Sunday, 28 October 2007

"When you mix politics and religion, you get politics."

Republicans should read that and weep. I read it and rejoice.

It is Rev. Gene Carlson speaking, an aging conservative leader and pastor from Wichita, Kansas. According to a feature-length article in the New York Times Magazine by David D. Kirkpatrick, we are on the verge of a sea change in political thinking in evangelical circles.
"The religious right peaked a long time ago," [Carlson] added. "As a historical, sociological phenomenon, it has seen its heyday. Something new is coming."

I myself have been watching the very cozy relationship between the Republican Party and the so-called religious right with a great deal of squeamishness from my vantage point north of the 49th parallel. It was my opinion that when the church gets in bed with politics, she just gets screwed. Like in any bad relationship, there is a point where she has to realize that staying will only result in an ongoing erosion of independence and integrity. And it looks as if this realization is sinking in. Some of the old guard conservative religious leaders are being repudiated, others are changing their tune, and still others risk becoming irrelevant to their own constituency.

The new leaders are tired of being defined in terms of what they stand against instead of what they stand for, and while they have not dropped their opposition to gay marriage and abortion, they see a number of other issues that are just as important, while questioning whether the political road is the best one to follow to see the changes they desire.
"In the evangelical church in general there is kind of a push back against the Republican party and a feeling of being used by the Republican political machine," he continued. "There are going to be a lot of evangelicals willing to vote for a Democrat because there are 40 million people without health insurance and a Democrat is going to do something about that."

Democrats, on the other hand, should probably not read that and rejoice too loudly. While they are likely to benefit in the short term, it should be noted that millions of evangelical Americans are not turning in their Republican Party membership cards in exchange for Democratic Party ones. They are going independent.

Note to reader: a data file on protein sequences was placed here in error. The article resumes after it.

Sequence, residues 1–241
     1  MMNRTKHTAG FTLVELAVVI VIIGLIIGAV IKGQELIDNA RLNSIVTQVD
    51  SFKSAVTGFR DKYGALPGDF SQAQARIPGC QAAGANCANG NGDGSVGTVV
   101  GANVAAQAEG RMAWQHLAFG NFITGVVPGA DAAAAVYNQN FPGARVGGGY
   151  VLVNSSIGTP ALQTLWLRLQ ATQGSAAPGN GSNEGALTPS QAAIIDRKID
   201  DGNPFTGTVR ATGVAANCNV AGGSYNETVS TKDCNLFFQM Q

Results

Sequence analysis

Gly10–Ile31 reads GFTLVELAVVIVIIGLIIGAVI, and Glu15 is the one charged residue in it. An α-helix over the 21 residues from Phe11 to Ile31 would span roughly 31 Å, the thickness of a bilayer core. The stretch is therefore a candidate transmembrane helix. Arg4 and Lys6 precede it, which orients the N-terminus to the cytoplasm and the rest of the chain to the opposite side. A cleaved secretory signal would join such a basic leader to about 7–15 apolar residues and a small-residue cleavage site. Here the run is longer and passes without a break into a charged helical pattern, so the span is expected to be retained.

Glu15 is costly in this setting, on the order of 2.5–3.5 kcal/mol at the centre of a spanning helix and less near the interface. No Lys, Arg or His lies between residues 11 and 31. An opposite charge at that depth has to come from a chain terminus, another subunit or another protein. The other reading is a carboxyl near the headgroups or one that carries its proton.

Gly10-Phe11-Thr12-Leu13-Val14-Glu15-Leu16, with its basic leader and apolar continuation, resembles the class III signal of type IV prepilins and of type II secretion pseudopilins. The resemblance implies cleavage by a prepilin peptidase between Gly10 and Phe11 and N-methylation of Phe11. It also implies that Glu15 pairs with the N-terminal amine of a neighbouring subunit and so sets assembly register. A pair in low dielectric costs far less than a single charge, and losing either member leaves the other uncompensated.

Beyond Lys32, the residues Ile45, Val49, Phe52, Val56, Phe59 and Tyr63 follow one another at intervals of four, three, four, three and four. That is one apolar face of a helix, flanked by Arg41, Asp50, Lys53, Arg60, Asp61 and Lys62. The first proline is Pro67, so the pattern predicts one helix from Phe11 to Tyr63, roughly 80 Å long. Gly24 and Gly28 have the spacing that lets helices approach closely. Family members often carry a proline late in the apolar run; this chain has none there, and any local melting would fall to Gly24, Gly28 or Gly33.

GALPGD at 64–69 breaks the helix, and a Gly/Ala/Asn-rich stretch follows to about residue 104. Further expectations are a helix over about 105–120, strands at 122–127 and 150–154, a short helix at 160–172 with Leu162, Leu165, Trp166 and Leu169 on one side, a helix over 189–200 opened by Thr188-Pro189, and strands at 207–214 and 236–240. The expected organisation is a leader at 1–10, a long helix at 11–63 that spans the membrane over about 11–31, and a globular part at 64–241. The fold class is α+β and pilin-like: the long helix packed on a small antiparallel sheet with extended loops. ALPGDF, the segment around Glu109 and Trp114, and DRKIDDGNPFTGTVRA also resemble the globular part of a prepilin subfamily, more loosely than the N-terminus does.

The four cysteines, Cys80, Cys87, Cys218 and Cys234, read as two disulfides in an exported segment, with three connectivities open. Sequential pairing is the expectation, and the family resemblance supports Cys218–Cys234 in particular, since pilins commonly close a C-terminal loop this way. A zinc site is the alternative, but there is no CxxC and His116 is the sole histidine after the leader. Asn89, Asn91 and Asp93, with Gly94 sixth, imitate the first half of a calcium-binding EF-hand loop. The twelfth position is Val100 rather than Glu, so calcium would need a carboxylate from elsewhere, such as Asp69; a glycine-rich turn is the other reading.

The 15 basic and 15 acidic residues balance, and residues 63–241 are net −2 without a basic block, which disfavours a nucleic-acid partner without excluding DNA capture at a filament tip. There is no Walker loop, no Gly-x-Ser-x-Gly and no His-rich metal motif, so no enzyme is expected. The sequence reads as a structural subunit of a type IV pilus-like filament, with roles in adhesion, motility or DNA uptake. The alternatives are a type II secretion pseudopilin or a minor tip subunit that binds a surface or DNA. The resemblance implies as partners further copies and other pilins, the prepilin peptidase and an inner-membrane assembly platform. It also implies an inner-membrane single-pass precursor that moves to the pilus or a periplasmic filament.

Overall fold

High time, I say. No political party should ever believe they have any church in their pocket, and no church should ever allow itself to become the mouthpiece of a political organization. I do not mean for a minute that Christians should not speak out on political issues, but rather that they should maintain an independence of movement and thought. Christians who enter politics should remember where their highest loyalty lies (and I honestly salute those who have chosen to enter the fray) and not prostitute themselves for political gain.

This growing political sophistication of the American evangelical movement can only be a good thing, as I see it. And who knows, maybe it will help heal the destructive polarization that has characterized the American political discourse for too long now.

Read the whole article, it is fascinating.

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Werner Patels said...

It has always been my belief that religion and politics should never mix (the twain shall never meet).

I don't care whether it's a fundamentalist Islamist or Christian that does the talking, but when religion (especially a more fundamentalist/extremist approach to religion) enters the public sphere, we're automatically in for trouble.

I hope the Christian fundamentalists in the US can be shut up, and the same goes for the fundamentalist Islamists.

Janet said...

That strikes me as being a little anti-democratic, Werner. Fundamentalists of any stripe have just as much right to a voice as anybody else. Where I start having real problems is where support of a particular party starts being equated as a necessary part of a religion. There has been a knee-jerk reaction among American evangelicals (and FWIW that is not the same thing as a fundamentalist necessarily) to identify with the Republican Party. As a Christian, I see this as a debasing of religion more than a debasing of politics. The Republican Party is not a bastion of virtue, and just because it has catered to the evangelicals it does not necessarily follow that Christians should be blindly falling in line behind all their policies, but that is what was happening far too often. It looks like a more nuanced approach is finally starting to catch hold and that can only be a good thing, as far as I'm concerned.

mark said...

Well now Werner, you may rest assured that This Fundy won't shut up. :) but then I was a conservative when I was a witch too. LOL

On the whole, I agree with the article. It is nicely put.



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